Ontario Alumni Dinner - November 2, 2007

The fifth annual dinner saw the group move to The National Club at 303 Bay Street. Here a gathering of approximately 60 people spent a relaxed and enjoyable evening with our guest speaker, Steve Paikin of TV Ontario together with his wife Francesca and daughter Giulia.

The evening began in the customary way with John Payne providing a brief summary of the year's activities and then giving the toast to Canada. In particular, the committee had been invited to attend a reception of Cambridge, Harvard, Oxford, Princeton and Yale Alumni at the Spoke Club in May. This proved to be a very convivial affair and resulted in representatives of Oxford (Simon Chester and his wife Anna Tharyan) and Cambridge (Maggie Norman and Lindsay Shaddy) attending our dinner. Their presence may mark the start of a new direction for our alumni group, one marked by combined dinners and activities necessitated by the change in demographics, due to the decreasing numbers of alumni emigrating to Canada.

For our own gatherings, we had another well attended pub night close to Paddy's Day in P.J. O'Brien's on Colborne Street. There was also the opening of Ireland Park in June and the reception with Mary McAleese, the President of Ireland.

This year we again asked some long time supporters to deliver the toasts. Marcus Beresford began before the meal by giving the toast to Ireland, and Andy O'Breslin proposed the toast to Trinity. Between both Latin graces, which were said by Peter Hearn, the company sat down to stuffed Cornish hen followed by apple galette.

The guest speaker this year was Steve Paikin of TV Ontario. His is currently well known as the anchor and senior editor of TVO's new flagship current affairs program - The Agenda with Steve Paikin. Each evening, the program, which is live except for Fridays, deals with one or two current topics in some depth involving discussion and analysis between informed people. Prior to this he hosted TVO's Studio 2 and TVO's weekly foreign affairs series, Diplomatic Immunity, which began in 1998.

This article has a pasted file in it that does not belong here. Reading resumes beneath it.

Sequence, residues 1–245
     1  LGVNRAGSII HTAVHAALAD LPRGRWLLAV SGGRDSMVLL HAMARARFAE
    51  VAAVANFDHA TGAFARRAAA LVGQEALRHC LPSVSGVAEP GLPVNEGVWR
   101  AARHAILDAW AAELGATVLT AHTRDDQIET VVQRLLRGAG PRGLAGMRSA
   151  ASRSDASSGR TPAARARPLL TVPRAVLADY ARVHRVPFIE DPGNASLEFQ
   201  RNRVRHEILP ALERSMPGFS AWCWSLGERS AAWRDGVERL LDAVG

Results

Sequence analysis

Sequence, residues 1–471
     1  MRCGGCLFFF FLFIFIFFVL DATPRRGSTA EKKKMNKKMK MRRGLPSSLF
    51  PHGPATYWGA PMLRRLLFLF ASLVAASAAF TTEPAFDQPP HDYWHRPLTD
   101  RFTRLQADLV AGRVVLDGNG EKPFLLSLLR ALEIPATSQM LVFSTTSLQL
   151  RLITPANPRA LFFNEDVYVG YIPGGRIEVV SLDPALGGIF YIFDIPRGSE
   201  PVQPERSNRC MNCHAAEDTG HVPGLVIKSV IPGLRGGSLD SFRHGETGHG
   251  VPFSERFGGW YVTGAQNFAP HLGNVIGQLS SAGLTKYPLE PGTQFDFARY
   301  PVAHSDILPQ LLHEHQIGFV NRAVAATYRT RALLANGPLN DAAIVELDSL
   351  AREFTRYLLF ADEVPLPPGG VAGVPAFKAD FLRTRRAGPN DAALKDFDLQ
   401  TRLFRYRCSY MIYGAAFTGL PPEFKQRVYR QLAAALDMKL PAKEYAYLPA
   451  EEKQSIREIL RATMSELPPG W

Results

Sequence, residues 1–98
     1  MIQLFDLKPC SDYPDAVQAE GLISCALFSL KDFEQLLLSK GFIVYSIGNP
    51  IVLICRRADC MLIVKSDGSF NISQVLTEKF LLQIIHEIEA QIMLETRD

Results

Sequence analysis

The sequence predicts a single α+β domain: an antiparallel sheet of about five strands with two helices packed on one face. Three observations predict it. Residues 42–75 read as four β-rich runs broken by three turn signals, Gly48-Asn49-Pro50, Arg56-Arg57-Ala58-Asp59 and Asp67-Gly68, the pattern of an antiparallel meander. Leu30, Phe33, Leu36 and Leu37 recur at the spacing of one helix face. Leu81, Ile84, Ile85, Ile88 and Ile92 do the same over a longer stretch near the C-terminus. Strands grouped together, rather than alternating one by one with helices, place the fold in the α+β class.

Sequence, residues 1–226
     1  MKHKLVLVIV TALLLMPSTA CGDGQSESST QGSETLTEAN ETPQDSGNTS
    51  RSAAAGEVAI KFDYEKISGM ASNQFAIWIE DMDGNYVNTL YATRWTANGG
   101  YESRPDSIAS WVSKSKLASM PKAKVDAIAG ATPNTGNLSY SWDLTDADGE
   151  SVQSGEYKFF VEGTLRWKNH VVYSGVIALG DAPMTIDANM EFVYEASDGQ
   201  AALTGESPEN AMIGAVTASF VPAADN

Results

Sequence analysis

Steve has also produced several documentaries for TVO. In 1993, Return to The Warsaw Ghetto won the Silver Screen Award at the U.S. International Film and Video Festival as well as awards at Canada's Yorkton Film Festival and China's Shanghai Film Festival. He also went to Serbia, Croatia, and Bosnia and presented Balkan Madness in 1992. In 1996 Steve co-produced A Main Street Man, which chronicled the life of former Ontario premier William Davis. The Mike Harris government's controversial education reform Bill 160 was the subject of Teachers, Tories, and Turmoil in 1997. And Chairman of the Board: The Life and Death of John Robarts aired in 2001, on the occasion of the former Ontario premier's 40th anniversary of taking power.

In 2001, Steve wrote his first book, The Life: The Seductive Call of Politics for Penguin Canada. In 2003, he followed up with, The Dark Side: The Personal Price of a Political Life. His latest book, Public Triumph, Private Tragedy: The Double Life of John P. Robarts was published in March, 2005 and analyses the impact of former Ontario Premier John Robarts on the province.

This last book was the subject of Steve's speech to the group. He outlined the two sides of John Robarts life the political triumphs such as the Ontario Science Centre, five Universities and GO transit to the difficulties in his private life ending in his 1982 suicide. At the end Steve answered questions from the floor, which ranged from Robarts' portrait at Queens Park to today's politics.

The evening concluded with Kevin Harraher thanking Steve and presenting him with two books Trinity College Dublin: A Beautiful Place and Trinity College Dublin: the First 400 Years by J. V. Luce.

As last year, special thanks are due to John Cary for taking care of the detailed arrangements with the National Club and for his excellent choice of menu and wines, and also to Bill McConnell for assisting with the organization and communicating with alumni.

John Payne

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